David Boorstein v. Men’s Journal, LLC

Defended magazine publisher in one of the first wave of privacy class actions under California's "Shine the Light" law—which relates to the practice of businesses sharing personal information about their customers so third parties can directly market to them. The plaintiff claimed that the Men’s Journal website privacy policy did not satisfy certain notice requirements in the statute. Won dismissal with prejudice at the pleading stage based upon plaintiff's failure to allege any cognizable injury, and obtained precedential decisions that have been cited in other "Shine the Light" cases. After Plaintiff appealed, appellate briefing was completed, and the court announced it would rule without oral argument, case was resolved and the appeal was dismissed. (C.D. Cal.; 9th Cir. 2011-2014)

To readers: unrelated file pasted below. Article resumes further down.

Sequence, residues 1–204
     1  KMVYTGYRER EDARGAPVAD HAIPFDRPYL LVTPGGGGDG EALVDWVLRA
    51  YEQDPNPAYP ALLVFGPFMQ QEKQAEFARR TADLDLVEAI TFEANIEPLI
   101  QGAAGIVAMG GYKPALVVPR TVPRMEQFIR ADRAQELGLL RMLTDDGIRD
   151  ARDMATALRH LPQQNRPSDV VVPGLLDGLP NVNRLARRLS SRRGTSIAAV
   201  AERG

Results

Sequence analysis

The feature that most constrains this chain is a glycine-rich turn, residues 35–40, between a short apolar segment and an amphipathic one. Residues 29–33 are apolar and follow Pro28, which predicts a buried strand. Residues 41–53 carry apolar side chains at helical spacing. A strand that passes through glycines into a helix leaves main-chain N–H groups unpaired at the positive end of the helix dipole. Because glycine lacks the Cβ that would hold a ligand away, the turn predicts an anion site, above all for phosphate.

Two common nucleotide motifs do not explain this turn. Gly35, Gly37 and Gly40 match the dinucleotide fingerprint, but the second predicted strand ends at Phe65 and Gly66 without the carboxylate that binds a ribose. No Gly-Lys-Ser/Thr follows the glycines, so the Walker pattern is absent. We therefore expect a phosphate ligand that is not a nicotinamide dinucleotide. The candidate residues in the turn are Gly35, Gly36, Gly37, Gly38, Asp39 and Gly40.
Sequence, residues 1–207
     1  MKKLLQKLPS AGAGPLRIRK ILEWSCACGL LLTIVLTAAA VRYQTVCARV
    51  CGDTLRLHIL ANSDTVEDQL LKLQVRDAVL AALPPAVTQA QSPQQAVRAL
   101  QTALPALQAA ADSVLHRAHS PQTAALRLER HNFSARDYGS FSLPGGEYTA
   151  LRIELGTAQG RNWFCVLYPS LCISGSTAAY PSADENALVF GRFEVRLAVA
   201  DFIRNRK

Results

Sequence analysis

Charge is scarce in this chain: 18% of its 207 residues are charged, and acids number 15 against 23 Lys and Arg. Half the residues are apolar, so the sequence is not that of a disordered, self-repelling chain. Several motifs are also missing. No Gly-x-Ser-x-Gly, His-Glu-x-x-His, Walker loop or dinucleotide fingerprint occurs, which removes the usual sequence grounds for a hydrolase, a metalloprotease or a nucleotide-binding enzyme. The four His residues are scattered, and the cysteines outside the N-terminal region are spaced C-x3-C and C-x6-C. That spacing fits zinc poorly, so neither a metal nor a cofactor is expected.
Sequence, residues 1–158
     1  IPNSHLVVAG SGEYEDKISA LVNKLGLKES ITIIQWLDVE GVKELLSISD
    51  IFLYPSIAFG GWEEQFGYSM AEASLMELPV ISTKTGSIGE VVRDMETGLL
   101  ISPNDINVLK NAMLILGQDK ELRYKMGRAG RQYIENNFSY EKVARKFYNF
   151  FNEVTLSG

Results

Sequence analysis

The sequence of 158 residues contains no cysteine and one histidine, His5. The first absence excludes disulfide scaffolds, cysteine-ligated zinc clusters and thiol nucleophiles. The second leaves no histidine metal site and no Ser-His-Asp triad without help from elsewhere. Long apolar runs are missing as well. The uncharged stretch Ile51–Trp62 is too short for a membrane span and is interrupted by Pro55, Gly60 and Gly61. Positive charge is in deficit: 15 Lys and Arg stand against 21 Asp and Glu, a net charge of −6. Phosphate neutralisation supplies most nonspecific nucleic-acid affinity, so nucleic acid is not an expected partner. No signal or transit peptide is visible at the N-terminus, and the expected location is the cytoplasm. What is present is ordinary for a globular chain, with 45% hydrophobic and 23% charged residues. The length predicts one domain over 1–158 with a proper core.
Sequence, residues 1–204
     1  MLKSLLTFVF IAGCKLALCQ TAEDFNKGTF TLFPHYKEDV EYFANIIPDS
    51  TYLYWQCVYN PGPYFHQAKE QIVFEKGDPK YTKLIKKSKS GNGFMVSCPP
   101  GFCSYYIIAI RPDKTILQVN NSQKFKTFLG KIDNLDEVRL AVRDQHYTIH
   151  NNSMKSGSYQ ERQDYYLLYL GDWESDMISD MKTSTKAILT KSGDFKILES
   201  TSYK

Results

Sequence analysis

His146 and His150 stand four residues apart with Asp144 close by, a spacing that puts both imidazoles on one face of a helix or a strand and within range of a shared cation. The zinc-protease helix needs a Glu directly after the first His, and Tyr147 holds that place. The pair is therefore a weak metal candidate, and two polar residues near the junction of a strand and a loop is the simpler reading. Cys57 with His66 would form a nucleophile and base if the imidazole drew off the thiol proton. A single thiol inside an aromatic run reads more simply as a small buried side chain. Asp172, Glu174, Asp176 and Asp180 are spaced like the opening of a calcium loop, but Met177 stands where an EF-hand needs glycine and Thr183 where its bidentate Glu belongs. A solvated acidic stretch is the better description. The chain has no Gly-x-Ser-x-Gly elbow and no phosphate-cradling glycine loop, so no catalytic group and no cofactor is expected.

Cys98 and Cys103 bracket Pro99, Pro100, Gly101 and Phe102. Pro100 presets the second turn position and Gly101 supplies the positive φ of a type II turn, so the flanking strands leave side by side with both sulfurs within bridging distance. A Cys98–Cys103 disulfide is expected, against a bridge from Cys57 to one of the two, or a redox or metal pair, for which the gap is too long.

Additional Qualifications

  • Law Clerk, Hon. Kim McLane Wardlaw, U.S. Court of Appeals for the 9th Circuit, Pasadena, Calif., 2010-2011
  • Summer Associate, Davis Wright Tremaine, Los Angeles, 2009
  • Extern, National Public Radio, Washington, D.C., 2009
  • Law Clerk, Housing Rights Center, Los Angeles, 2008